Alongside many other labs and researchers working to combat the coronavirus pandemic, UW researcher Adel Talaat is working on converting the lab’s experimental vaccine for chicken coronavirus into a viable vaccine for humans.
“We’ve been doing this work for the last three years trying to develop a vaccine against chicken coronavirus,” Talaat said.
Recently, the lab switched their focus to the human coronavirus, as some of the main features of the the chicken and human coronaviruses are the same.
Graduate student and member of the lab, Shaswath Sekar Chandrasekar, said the chicken coronavirus is a distant cousin of the current coronavirus.
“We developed a platform technology with which we can deliver our vaccines,” Chandrasekar said. “We’re trying to translate that for the current human coronavirus.”
In the DNA vaccine for chicken coronavirus, Chandrasekar said there are sequences specific to the chicken coronavirus which the lab swapped out and replaced with human coronavirus sequences.
Talaat said the lab wants to use the vaccine in a suitable animal model to see if there is a strong immune response and if the vaccine provides protection against the novel coronavirus.
Chandrasekar said the researchers developed a nanovaccine platform that can pack DNA into nanovesicles.
“The advantage of having these nanovesicles is that it decreases the availability of the DNA in the cell, so [the DNA] is easily taken up by the cell versus when you give it without a vesicle [the DNA] is just floating around [and] it is not taken up by the cell pretty well,” Chandrasekar said.
Another advantage is components of the nanovesicles can prime the immune system by itself, Chandrasekar added.
But, Talaat said the vaccine is at least one year to 16 months away from being viable. Chandrasekar explained there is a lot of regulatory approval the vaccine needs to go through before becoming usable for humans.
The lab began testing the human vaccine in mice last month, and Talaat said the next steps would be second testing in another nonhuman primate, such as monkeys. Chandrasekar added that the nonhuman primate testing would be followed by clinical trials in humans.
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However, the lab’s research has been affected by the Stay at Home order, as undergraduate students who were helping in the lab are no longer able to be present, Talaat said.
Talaat added that co-investigators are continuing to work as normal, but most of their workforce is working from home.
“[There is] less interaction between me and [the other lab members] which is not good for science. Science is dependent on people talking to each other, communicating with each other, [at] full capacity,” Talaat said.
This obstacle will potentially delay the progress of the research, Talaat said, but the lab is trying to take every step towards progress in whichever ways possible — such as focusing more on writing manuscripts and computer analysis.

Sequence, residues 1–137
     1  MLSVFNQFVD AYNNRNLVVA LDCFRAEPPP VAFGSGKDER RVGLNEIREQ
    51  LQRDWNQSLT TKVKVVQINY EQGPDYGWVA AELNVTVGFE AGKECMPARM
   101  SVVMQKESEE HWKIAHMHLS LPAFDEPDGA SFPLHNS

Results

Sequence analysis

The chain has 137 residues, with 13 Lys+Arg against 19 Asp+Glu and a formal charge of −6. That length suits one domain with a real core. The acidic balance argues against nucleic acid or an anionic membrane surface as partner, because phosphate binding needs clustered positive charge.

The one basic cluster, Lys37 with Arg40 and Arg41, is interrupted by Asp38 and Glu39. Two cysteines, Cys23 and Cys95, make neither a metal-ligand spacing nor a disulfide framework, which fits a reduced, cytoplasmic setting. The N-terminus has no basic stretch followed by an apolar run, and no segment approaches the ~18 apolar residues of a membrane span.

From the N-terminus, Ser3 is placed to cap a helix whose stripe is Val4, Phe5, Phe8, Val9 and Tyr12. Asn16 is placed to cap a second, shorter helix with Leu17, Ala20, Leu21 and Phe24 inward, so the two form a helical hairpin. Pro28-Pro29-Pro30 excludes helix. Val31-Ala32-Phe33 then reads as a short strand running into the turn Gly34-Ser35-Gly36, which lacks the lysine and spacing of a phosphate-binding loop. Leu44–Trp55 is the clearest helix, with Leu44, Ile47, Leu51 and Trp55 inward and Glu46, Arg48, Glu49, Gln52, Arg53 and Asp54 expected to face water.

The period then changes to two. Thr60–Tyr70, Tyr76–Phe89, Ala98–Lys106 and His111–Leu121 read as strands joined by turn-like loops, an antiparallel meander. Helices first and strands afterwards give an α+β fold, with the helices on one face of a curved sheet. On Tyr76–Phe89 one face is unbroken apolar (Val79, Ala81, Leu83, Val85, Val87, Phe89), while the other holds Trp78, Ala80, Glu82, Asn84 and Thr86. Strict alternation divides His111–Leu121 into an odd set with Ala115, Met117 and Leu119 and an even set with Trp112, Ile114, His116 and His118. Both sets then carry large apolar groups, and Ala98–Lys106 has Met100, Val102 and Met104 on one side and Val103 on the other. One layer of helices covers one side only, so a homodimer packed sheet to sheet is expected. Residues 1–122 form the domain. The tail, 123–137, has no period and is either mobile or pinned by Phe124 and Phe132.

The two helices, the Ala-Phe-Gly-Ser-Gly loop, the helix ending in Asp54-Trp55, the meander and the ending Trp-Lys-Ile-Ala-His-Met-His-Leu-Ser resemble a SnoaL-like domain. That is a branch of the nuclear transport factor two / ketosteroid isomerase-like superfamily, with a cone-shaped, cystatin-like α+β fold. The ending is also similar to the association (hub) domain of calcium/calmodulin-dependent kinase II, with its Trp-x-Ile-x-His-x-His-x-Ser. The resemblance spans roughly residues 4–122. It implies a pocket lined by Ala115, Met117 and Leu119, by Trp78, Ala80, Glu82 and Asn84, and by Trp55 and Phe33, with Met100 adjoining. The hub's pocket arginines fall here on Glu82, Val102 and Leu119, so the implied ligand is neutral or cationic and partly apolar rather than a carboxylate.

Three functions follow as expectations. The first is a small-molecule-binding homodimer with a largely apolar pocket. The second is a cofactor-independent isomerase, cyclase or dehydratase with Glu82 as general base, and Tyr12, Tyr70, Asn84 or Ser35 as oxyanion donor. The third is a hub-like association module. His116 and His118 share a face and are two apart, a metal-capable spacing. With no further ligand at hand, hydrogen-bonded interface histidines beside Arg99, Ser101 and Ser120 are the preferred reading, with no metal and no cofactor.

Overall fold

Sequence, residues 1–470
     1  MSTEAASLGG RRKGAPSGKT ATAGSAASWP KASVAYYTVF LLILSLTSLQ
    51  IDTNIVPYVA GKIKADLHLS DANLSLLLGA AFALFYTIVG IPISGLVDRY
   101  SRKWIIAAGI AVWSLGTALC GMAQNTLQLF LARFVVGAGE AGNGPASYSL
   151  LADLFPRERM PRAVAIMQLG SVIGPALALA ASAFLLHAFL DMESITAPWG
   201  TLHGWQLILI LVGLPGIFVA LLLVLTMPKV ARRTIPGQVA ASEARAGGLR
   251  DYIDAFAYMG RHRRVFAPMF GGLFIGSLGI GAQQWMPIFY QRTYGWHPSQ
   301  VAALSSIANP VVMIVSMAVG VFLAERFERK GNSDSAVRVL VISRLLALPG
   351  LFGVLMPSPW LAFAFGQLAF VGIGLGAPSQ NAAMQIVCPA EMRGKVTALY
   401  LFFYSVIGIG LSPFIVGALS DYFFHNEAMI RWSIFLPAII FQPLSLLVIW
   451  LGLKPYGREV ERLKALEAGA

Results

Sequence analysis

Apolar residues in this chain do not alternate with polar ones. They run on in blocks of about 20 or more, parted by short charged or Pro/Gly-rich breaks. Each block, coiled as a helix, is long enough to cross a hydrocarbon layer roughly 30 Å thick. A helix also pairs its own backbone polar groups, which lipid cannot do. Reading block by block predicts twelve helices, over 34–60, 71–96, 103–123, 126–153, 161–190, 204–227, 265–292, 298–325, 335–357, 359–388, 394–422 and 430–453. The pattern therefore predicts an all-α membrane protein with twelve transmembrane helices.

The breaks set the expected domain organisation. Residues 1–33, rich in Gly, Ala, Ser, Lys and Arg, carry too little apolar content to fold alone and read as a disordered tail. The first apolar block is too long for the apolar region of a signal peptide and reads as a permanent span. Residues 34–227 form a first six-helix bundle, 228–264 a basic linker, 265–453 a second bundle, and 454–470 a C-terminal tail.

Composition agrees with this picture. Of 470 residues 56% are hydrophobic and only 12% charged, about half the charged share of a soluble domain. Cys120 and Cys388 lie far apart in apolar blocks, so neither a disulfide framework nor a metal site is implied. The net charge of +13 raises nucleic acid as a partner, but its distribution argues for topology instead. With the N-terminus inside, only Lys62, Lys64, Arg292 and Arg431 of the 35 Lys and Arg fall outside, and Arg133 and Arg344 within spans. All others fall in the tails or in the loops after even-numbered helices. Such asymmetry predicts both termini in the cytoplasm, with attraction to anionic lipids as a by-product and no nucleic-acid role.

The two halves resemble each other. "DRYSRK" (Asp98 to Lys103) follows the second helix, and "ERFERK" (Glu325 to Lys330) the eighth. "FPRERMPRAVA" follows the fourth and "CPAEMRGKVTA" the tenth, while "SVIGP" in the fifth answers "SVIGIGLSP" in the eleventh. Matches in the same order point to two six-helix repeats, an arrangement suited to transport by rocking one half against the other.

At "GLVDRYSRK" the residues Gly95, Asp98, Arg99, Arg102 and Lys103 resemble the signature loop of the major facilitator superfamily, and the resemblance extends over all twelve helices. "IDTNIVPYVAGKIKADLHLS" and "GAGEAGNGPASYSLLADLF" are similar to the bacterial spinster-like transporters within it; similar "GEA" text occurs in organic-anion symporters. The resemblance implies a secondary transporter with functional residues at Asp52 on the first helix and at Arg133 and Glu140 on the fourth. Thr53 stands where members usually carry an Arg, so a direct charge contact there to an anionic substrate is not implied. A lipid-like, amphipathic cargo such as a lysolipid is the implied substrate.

The mode of delivery for the vaccine is something the lab is also focusing on during development, Talaat said.
According to Talaat, an injection could be problematic as it needs more intervention and many people dislike injections. Because of this, the lab is trying to test several alternative options such as a nasal vaccine similar to Flonase.
“We’re basically trying to develop an effective vaccine that can be given easily to a large number of people, because that’s what we need in a case of outbreak like what we have right now,” Talaat said.
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Talaat said the researchers are being mindful of cost while developing the vaccine, and are always trying to develop a vaccine that is inexpensive for consumers.
The cost of the vaccine usually comes when the technology is used on a larger scale — however, the real cost of this vaccine still needs to be tested, Talaat said.
“With the technology we’re using, we think it’s going to be very inexpensive, and we’ll be able to scale it up, so you can give it to [a] large number of people,” Talaat said.
Chandrasekar said, under the overarching coronavirus category, there are many different subclassifications such as alpha-beta and gamma.
For example, Chandrasekar said, common cold human coronaviruses that have been circulating for a long time do not cause severe symptoms in patients — rather, they cause flu-like symptoms which are easily cleared.
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Talaat also spoke about the seriousness of the COVID-19 virus. The new version of the coronavirus spreads quickly and results in a serious infection with the ability to quickly develop into a serious disease, Talaat said.
“It is a big problem for the high-risk group. As healthy individuals, it is on us to break the chain and prevent the transmission to these people,” Chandrasekar said.
Chandrasekar said the fatality rate associated with people over the age of 70 is high, and there many young people who are thought to be asymptomatic carriers. The asymptomatic carriers may not have any symptoms, but are capable of transmitting the virus to people of high risk if they do not quarantine themselves, Chandrasekar added.
“The best [thing] for us to do right now is to protect ourselves from getting the infection,” Talaat said. “I cannot stress enough the practices of good hygiene and social distancing. That’s really very important in order to stop this outbreak and go back to normal as soon as we can.”